THE ALTERED METABOLISM of magnesium in human disease was first studied in 1915, when the loss of magnesium in infantile diarrhea was measured. The magnesium deficiency tetany syndrome, defining magnesium deficiency in the adult human, has been described only very recently, however. This syndrome is virtually identical to hypocalcemie tetany, and can be differentiated from it only by chemical means. The parenteral administration of magnesium sulfate promptly and completely reverses the symptoms, signs, and chemical changes of the magnesium deficiency tetany syndrome of patients afflicted with this disease.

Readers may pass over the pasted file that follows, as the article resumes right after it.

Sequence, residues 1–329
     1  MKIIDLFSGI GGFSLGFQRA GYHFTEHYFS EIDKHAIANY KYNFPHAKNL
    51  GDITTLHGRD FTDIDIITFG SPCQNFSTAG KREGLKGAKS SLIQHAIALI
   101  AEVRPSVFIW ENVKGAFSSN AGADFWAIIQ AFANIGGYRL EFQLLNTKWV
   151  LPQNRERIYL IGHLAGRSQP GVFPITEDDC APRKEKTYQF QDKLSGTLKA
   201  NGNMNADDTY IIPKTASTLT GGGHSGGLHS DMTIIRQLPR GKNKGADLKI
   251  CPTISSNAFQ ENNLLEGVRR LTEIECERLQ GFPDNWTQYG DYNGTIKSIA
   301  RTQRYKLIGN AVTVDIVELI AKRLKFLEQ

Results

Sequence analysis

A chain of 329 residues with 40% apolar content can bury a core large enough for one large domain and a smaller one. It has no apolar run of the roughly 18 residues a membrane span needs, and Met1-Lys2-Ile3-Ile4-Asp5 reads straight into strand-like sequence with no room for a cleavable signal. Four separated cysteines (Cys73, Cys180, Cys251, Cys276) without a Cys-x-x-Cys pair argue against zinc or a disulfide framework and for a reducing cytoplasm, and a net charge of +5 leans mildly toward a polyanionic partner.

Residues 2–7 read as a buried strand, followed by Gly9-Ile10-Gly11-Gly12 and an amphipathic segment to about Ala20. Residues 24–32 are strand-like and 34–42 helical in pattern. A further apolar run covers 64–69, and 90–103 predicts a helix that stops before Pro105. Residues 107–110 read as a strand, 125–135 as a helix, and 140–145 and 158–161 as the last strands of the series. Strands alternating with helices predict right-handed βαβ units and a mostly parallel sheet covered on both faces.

In each instance the syndrome has developed subsequent both to a severe dietary inadequacy of magnesium and one or more of the following additional factors, which either promoted the loss or prevented the absorption of this ion: (1) excessive loss of magnesium from the gastrointestinal tract either by persistent vomiting or by the removal of intestinal secretions by mechanical suction, (2) intestinal